Option 1 - Limit technology or Pippi time
Potential result: This will create a deeper desire for her to watch Pippi and more videos in the future. Plus, doing this is the opposite of encouraging interests.

Option 2 - Change her focus to a different educational video - In other words, encourage her to watch more videos (that are educational).
Liberty's Kids is a series of animated American History videos for kids. When episode one was turned on for me to enjoy, she quickly joined to watch the episode. I was hoping that she would turn on Liberty's Kids instead of Pippi on her own, but that didn't work. Perhaps she just needs a little more exposure to Liberty's Kids, or a series which she finds more interesting?

Option 3 - Offer to read the Pippi books again
This is where we had the breakthrough. While she was watching Pippi, I pulled the chapter books off the shelf and set them down next to her. I offered to read them then walked away so she could finish her episode. Once the Pippi video was through, she came downstairs with her nose in one of the Pippi books and announced that she would be reading them on her own.

Although the books are way above her level I have no doubt she will be finishing them on her own.

(Can you see the purple flashlight strapped to her head? She's reading Pippi in bed before going to sleep.)

She can read and is highly motivated to read the Pippi books. It just may take her a while to get through them all, but her reading skills should drastically improve.

Flowery Knit Hats

My mother knitted these flowery hats for the girls.

Although they appear complicated, they are actually basic hats adorned with knitted flowers. The flowers were created by knitting small rectangles and then rolling them into a coil. The leaves are slightly tapered rectangles.

Since this hat had so many strings coming inside when tying the flowers on, a small circle was knitted inside the hat to cover them. I love the way embellishing basic hats and other items can completely change the look.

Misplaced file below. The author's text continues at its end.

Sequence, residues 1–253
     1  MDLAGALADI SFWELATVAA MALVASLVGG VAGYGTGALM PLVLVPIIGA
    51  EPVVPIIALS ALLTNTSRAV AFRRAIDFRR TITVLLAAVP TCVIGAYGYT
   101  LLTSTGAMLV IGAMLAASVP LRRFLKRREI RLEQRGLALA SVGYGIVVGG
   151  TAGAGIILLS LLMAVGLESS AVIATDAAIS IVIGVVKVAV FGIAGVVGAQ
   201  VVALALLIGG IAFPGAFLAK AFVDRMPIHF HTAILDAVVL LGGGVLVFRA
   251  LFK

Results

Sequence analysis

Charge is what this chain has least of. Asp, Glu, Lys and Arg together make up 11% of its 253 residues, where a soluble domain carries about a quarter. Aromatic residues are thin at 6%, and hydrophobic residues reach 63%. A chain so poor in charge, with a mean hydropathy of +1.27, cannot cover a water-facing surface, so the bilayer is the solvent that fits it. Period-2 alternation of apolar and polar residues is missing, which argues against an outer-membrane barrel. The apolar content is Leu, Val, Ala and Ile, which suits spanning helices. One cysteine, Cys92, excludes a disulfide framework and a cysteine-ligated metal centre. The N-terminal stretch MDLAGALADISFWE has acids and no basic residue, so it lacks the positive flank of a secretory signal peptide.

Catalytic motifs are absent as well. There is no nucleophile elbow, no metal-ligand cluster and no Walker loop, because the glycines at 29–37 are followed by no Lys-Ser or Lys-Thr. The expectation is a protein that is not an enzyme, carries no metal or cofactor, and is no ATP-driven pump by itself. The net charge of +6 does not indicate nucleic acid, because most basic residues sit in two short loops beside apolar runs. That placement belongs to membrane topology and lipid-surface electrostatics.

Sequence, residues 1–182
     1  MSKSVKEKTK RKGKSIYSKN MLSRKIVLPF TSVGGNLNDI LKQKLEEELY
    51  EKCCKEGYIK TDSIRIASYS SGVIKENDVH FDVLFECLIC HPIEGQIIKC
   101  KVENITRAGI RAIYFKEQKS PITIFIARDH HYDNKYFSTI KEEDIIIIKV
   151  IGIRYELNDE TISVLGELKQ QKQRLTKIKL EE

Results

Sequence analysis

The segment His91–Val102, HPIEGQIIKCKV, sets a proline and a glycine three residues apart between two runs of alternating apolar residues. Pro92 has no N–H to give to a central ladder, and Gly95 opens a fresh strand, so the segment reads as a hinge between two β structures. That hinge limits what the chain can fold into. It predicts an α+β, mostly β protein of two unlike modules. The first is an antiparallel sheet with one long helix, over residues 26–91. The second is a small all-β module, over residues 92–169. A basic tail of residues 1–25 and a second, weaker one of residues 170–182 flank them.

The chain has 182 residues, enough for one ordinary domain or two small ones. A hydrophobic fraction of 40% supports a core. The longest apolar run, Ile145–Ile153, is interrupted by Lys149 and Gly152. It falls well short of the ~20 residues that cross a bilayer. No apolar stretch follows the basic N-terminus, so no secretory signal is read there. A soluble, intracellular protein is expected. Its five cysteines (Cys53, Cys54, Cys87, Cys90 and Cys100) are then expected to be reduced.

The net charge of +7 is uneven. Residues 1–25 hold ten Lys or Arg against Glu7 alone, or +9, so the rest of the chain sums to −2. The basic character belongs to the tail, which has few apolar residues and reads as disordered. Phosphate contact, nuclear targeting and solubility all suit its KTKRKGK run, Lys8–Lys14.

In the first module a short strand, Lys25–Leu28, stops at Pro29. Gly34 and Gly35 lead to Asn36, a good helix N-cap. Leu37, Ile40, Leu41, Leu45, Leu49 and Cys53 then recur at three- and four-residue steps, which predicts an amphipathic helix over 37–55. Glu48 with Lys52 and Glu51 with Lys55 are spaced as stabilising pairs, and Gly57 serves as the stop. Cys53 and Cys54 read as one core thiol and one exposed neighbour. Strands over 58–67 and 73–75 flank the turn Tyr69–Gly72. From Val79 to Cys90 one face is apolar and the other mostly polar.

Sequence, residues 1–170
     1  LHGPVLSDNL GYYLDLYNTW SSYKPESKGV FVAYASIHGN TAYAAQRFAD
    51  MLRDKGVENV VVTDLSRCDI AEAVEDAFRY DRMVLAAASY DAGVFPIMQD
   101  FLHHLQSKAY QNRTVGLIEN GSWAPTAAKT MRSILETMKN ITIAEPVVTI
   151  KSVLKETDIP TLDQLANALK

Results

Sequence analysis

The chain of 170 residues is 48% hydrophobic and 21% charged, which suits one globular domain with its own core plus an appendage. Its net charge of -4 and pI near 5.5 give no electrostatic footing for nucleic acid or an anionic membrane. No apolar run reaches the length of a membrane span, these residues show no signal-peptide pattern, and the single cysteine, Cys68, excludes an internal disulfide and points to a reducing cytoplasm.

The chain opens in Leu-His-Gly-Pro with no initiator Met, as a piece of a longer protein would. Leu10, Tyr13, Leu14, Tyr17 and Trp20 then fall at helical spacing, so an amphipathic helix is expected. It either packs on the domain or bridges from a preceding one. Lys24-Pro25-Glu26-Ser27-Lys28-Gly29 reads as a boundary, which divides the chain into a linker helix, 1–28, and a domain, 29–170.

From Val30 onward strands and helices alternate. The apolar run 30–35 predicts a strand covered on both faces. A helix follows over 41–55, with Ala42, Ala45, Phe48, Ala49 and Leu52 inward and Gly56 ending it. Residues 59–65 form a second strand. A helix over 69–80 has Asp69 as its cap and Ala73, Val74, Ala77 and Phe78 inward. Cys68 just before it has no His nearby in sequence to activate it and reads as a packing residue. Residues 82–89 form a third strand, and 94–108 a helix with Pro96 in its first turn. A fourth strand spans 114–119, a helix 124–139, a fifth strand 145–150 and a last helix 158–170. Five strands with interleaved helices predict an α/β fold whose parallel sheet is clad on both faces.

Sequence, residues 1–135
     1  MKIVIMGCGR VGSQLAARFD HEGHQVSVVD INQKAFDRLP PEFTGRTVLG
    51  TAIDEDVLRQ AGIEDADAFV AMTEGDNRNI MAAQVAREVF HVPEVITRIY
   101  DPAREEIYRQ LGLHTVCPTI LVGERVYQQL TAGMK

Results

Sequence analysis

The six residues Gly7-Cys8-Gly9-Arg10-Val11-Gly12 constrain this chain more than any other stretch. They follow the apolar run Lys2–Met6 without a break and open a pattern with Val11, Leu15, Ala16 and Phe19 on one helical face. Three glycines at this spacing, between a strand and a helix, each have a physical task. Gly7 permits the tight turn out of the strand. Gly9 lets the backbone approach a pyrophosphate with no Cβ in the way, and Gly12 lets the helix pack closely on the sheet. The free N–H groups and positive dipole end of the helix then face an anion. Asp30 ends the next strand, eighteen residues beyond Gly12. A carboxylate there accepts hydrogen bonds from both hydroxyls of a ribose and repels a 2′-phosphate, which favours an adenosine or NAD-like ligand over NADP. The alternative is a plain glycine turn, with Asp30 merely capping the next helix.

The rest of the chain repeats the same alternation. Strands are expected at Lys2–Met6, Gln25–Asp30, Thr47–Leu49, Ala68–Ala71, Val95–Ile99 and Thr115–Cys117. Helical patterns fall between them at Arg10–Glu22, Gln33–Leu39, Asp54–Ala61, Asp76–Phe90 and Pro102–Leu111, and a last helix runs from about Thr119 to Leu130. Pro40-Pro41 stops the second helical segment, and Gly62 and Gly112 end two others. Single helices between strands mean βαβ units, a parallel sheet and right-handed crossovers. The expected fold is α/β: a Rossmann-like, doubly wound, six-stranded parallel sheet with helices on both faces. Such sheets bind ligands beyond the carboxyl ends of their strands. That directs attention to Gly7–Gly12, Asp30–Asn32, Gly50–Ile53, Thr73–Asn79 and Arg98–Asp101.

What have you embellished? Do you have a favorite knit flower book or embellishing book? If you do please leave me a comment.

Check out these great blogs full of educational activity ideas. 

Area of Squares, Rectangles and Triangles

Distance, Area, Volume Unit Study
Day 7: Area - Squares, Rectangles, and Triangles
Measuring area answers the question how big is it. Formulas used to calculate area and perimeter were introduced to my son when he was exploring math on Khan Academy. Unfortunately, he didn't really understand what area and perimeter were, so he came away thoroughly confused.

Area is measured in squares. After learning about one square inch, he was easily able to determine the area of these shapes built from squares, simply by counting.

Next he determined the number of tiles we would need to redo our bathroom floor in one foot square tiles.

Then we explored triangles. On the right side of the picture below, there is a one inch string, a one square inch piece of paper, a one-half square inch of paper cut into a rectangle, and a one-half square inch of paper cut into a triangle. The middle column contains the same figures, but double the size.

After creating these figures, I asked the kids how big they were.

I asked them how big this two square inch triangle was and they were stumped. So I created a blue triangle the same size and cut it.

They quickly determined it was two square inches.

So they were given the large triangle and asked how big it was.

At first, they both wanted to measure the hypotenuse, but then both decided to draw lines on their triangles.

With different sets of lines they both arrived at the same answer.

This method of discovery mathematics is very important for my son. He learns best when he figures something out for himself. He is a natural problem solver who does not learn well with explanation and example.